While the director describes the growth of homelessness in Missoula as explosive over the last few years, that’s not the message coming from the Mayor’s office. For example, in January of last year this is what we were being told:

The city’s Reaching Home coordinator Theresa Williams and Eran Pehan, the director of the city’s Office of Housing and Community Development, gave an update of the progress over the last five years and outlined plans for the future. They were joined by Jill Bonny, who manages veterans’ programs for the Poverello Center homeless shelter.

“We have seen homeless numbers go down by 350 people since 2011,” Pehan said. “We are seeing a decline, which tells us some of those efforts are working.”

I have been harping on this idea that the amount of homeless people has been going down because the numbers being referenced come from an annual point-in-time survey that DOES NOT provide an accurate portrayal of homelessness in Missoula.

To back up my assertion, I ran across some meeting notes where this point was made by none other than the director of the 10 year plan to end homelessness:

Concerning the Point in Time survey, Theresa explained they are also examining the question of how the homeless element can be measured. Current systems do not accurately capture this. Missoula receives 50% of statewide allocation for NOPA funds, of which The Point in Time count is a required condition. It takes place during the last week of January, and it is a literal headcount of the homeless population. The addition of real-time tech solutions greatly enhanced the logistical aspects of the count this past January. Despite program efforts which has led to a 10-20% reduction in homelessness in Missoula over the past several decades, Missoula still has the highest homeless population in the state, 27% by count, followed by Kalispell, Billings, and Great Falls. This is likely due in part to the availability of services in the Missoula area. Point in Time is a winter count, and the count is estimated to double in July, but despite any inaccuracies, the count satisfies HUD requirements.

So, by their own admission, the Point-in-Time survey is not an accurate measure of homelessness in Missoula.

After the last few winters and literal casualties from exposure, there is something that resembles a plan to get through the next few years until a more permanent solution is developed, although details are still not being provided. Here is the outline of the plan:

“We began meeting very early this year to ensure we were prepared for the upcoming winter season, “Pehan said. “We wanted to ensure we had a program in place, the funding and a facility to meet that need this year.”

Pecan said the necessary funding is now secured and the Poverello will serve as the lead provider. A host location has been identified for the season. No further details were available on the funding amount or the location.

I am eagerly awaiting those further details.

Posted in Uncategorized | 1 Comment

18 Years Ago Today…

by William Skink

Today is the 18th anniversary of the 9/11 terrorist attacks. It’s important to continue accepting the official story of what happened that day. To do otherwise is to become a conspiracy theorist–a label the authorities are doing their best to criminalize.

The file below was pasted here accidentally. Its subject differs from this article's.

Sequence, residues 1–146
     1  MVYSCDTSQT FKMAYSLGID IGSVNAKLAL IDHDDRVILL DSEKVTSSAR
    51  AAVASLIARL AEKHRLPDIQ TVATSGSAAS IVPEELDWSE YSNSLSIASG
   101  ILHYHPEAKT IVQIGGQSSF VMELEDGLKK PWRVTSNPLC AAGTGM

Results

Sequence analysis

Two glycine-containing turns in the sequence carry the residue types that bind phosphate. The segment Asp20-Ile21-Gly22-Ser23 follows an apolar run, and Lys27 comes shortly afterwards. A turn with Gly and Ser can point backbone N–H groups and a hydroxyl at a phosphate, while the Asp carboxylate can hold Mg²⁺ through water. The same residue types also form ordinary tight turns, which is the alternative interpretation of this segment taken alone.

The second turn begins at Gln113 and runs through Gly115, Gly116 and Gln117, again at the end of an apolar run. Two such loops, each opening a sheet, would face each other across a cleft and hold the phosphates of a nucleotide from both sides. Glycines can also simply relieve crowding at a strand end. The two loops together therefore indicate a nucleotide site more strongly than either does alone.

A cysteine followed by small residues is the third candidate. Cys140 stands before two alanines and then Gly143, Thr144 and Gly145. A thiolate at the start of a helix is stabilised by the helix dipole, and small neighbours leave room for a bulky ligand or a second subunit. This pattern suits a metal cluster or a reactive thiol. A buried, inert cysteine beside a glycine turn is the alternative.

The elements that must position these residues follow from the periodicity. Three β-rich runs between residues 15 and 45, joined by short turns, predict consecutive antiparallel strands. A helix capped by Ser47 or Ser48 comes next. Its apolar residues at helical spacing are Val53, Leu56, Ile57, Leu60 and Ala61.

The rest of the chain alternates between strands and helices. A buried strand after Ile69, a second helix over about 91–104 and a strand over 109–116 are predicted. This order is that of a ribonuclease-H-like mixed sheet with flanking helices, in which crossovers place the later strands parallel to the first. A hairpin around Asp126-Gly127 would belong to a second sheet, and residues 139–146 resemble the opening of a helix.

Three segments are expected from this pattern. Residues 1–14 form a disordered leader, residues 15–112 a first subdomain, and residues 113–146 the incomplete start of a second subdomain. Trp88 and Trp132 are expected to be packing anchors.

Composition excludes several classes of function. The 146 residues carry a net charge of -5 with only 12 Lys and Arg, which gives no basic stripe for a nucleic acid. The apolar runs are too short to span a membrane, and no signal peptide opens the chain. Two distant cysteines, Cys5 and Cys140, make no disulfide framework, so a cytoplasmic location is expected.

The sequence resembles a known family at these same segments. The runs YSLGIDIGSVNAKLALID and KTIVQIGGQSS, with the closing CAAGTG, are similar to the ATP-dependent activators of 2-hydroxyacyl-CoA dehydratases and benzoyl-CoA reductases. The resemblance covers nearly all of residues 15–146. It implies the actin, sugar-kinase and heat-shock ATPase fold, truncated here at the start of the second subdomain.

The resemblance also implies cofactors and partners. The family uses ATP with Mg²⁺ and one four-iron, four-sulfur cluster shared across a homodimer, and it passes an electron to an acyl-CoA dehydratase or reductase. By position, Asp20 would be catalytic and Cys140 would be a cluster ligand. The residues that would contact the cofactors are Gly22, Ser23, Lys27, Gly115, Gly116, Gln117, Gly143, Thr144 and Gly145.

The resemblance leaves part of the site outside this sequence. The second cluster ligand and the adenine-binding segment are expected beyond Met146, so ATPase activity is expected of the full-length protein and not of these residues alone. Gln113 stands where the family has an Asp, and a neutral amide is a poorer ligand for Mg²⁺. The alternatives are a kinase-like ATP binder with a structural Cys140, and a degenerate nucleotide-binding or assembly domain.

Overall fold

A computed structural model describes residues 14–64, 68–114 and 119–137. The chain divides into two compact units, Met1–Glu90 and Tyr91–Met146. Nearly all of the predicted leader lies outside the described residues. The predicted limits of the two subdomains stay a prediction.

So, dear citizens, keep ignoring any evidence that contradicts the claim that two airplanes caused 3 buildings to collapse into their own foot prints, especially if it’s some kind of study that finds that something other than fire caused building 7 to totally collapse:

Today, we at Architects & Engineers for 9/11 Truth are pleased to partner with the University of Alaska Fairbanks (UAF) in releasing the draft report of a four-year computer modeling study of WTC 7’s collapse conducted by researchers in the university’s Department of Civil and Environmental Engineering. The UAF WTC 7 report concludes that the collapse of WTC 7 on 9/11 was caused not by fire but rather by the near-simultaneous failure of every column in the building.

Ignore this report, good American citizens, because if you go down this rabbit hole you might discover who the real terrorists are. And we wouldn’t want that, now would we?

Posted in Uncategorized | 3 Comments

Missoula Bridges, Man

by William Skink

Last month I wrote about a bridge to no where in Missoula. There has been no media about this $500,000 Missoula Redevelopment Agency investment since February, when work stopped because of “increment weather”.

Since last month’s blog post, the chainlink barring the public from enjoying their new bridge has come down and people are beginning to use it.

I assume there will be media attention at some point because bridges are a pretty big deal in Missoula. The shilling by County Commissioner Dave Strohmeier for anti-bridge property owners on South St. comes to mind, as does the big pedestrian bridge that conveniently extends the life of the URD to keep the cash flow to MRA going.

Missoula bridges, man. Scandalous!

Posted in Uncategorized | Leave a comment

A Poem For The Woke Ones

by William Skink

woke not a joke you
bigot get chocked or
thrown off a boat
no dingy, no rope

I’ll soap out your mouth
then burn down your house
my woke hands around
your throat on the ground

get woke or get hit
with my tolerance fist
my letters are lit
as I spit righteous shit

in Tolerance Town
inclusion or die
the woke walk with purpose
the rest is a lie

Posted in Uncategorized | 2 Comments

What Does Quarterback Andrew Luck’s Sudden Retirement Mean For The NFL?